Assisting students with collecting the information they need to dispute a debt with VA takes an inordinate amount of time and concentration by the school administrator and combines expertise in enrollment certification/reporting, VA claims processing, and good accounting principles. Schools have created a wide range of new internal processes and mechanisms to track Chapter 33 claims in an effort to ensure payments are correct and that student financial records with the school are not negatively impacted while VA processing occurs.
Schools have created new policies to ensure students are not negatively impacted by any delays in receipt of tuition and fee payments by VA – not as great an issue now as this was in fall 2009, but still in effect. As the only face-to-face contact point in the process, schools have devoted a great deal of time and energy to working directly with students who are trying to evaluate their options when eligible for multiple GI Bill programs. While there is a great deal of general information available on the GI Bill website, this is such an individual situation that the process must take into consideration many state programs, reserve component benefits, etc, that students require one-on-one assistance on each of their unique circumstances. This has been done by schools with little training beyond possible attendance at a single conference or full comprehension of the DVA 38 CFR Part 21 Post-9/11 GI Bill; Final Rules.
The crucial role of school officials in the education benefits process could be better reflected in the wording used in VA publications and websites to ensure students recognize the need to seek out their School Certifying Official as soon as possible. Schools are also working to create processes by which student veterans are identified and communicated with as early in the admissions/matriculation process as possible to ensure they know the steps still remaining to be accomplished in order to receive their education benefits.
Veterans’ Program Administrators/School Certifying Officials are now more involved in working with parents of students with the advent of transferred entitlement. This adds another new dimension to their work. The skills now required to accomplish their tasks overlap institutional areas including registrar, financial aid, admissions, academic advising, and student accounting and disability services. These are separate and distinct administrative functions in most schools. Veterans’ Program Administrators must now more than ever, receive institutional training in all these areas or have staff members assigned in each area to accomplish the required analysis for each GI Bill student.
It has also been suggested by veterans’ organizations that colleges and universities are or should serve as social service agencies; trained in identifying mental health issues for student veterans as well as be able to provide other support services and programming on campuses. These skills are well beyond the scope of responsibilities of the average Veterans’ Program Administrator as the position is currently viewed on most campuses.
Providing intensive social support services are beyond the scope of the purpose, funding and function of our institutions and its staff. The limited resources available on most campuses are strictly designed to promote the well being of students with the goal of increasing students’ academic success. Students in need of more intensive services must look to the community for support services and it is our responsibility as academic professional to assist students to more easily access those local, state, federal and private agencies who can best meet their needs. It is the responsibility of the Department of Veterans’ Affairs to make these resources known to all institutions approved for veteran training.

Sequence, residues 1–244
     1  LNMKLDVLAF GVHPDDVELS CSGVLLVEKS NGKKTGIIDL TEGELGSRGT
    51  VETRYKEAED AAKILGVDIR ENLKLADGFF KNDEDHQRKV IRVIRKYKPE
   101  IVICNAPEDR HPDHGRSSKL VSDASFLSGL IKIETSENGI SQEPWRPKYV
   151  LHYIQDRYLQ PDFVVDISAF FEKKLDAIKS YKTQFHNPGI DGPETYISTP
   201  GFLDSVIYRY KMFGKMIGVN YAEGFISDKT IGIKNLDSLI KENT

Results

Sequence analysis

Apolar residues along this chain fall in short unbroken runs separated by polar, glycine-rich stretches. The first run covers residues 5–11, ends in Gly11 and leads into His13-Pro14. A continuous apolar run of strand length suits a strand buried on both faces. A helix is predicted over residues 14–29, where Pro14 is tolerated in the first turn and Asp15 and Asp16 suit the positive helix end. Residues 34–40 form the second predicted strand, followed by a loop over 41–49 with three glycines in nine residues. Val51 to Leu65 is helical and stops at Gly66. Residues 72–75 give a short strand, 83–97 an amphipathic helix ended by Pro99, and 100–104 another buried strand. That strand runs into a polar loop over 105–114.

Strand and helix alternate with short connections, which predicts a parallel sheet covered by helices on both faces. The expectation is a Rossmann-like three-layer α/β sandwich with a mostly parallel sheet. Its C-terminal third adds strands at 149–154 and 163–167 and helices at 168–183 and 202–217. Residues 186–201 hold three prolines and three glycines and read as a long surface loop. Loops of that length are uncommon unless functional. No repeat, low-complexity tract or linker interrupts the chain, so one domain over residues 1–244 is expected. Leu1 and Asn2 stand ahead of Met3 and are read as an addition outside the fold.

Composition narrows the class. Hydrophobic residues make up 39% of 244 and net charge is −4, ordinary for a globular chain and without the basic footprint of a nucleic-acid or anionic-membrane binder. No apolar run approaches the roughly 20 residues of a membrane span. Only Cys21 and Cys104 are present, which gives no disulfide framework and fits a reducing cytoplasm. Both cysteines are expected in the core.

NAVPA recommends that the Department of Veterans Affairs develop an Education Web Portal for easy and accurate access to VA Records pertaining to Veterans’ Education Benefits. Veteran students do not have an electronic means of accessing meaningful and useful information from the Department of Veterans’ Affairs on their education benefits, usage and remaining entitlement from their VA records. Educational institutions are overwhelmed with the volume of calls, misinformation from the VA Call Center and limited ability to assist students in determining the status of their claims or even eligibility. Above all, eligible individuals/students should have access to their VA records. All information relative to their VA education benefits, eligibility, applications, enrollment certifications and payments should be made available to them through this portal. Information should include at minimum information sent to the veteran via the US mails at the beginning and throughout each academic year as contained in the ‘Award letter and now the Certificate of Eligibility under the Post-9/11 GI Bill.
Designated school officials should have secure access to the portal for veteran students so they may provide counseling and assistance. VA-ONCE and WAVE have partially covered these issues; however, all information is still not available. Veterans should be able to view all pending issues to include receipt of documentation and current status, reasons for any delays in processing should also be addressed on this WEB portal.
We believe the implementation of a secure web portal will enhance service to veterans, bring efficiencies to the DVA with a corresponding reduction in telephone service personnel. The efficiencies in personnel utilizations realized would benefit processing time. This concept is needed now more than ever with the extreme delays in processing claims and the complexities of the Post-9/11 GI Bill.
In closing, NAVPA requests that the rules, policies and procedures governing the administration of the Post-9/11 GI Bill be made consistent, nationwide. Due to the complexities of this program schools are currently working with limited to non-existent information. Often what little they have was received through informal channels outside their state and RPO areas of responsibility. It is imperative that VA create policies consistent with the published final rules, document them thoroughly, and distribute them consistently at all levels from VA Central Office through RPOs and ELRs down to the institutions that must implement them. Only then can every veteran be assured of receiving the same benefit consideration no matter what school, state, or RPO is responsible for the processing of their claim.
Again, thank you for the opportunity to share our experiences as professional GI Bill administrators, to make recommendations for improvements in the administration of the GI Bills and for your support of meaningful legislation that would provide equity in all aspects of the delivery and simplicity of administration of the Post-9/11 GI Bill. I would be pleased to answer any questions you may have.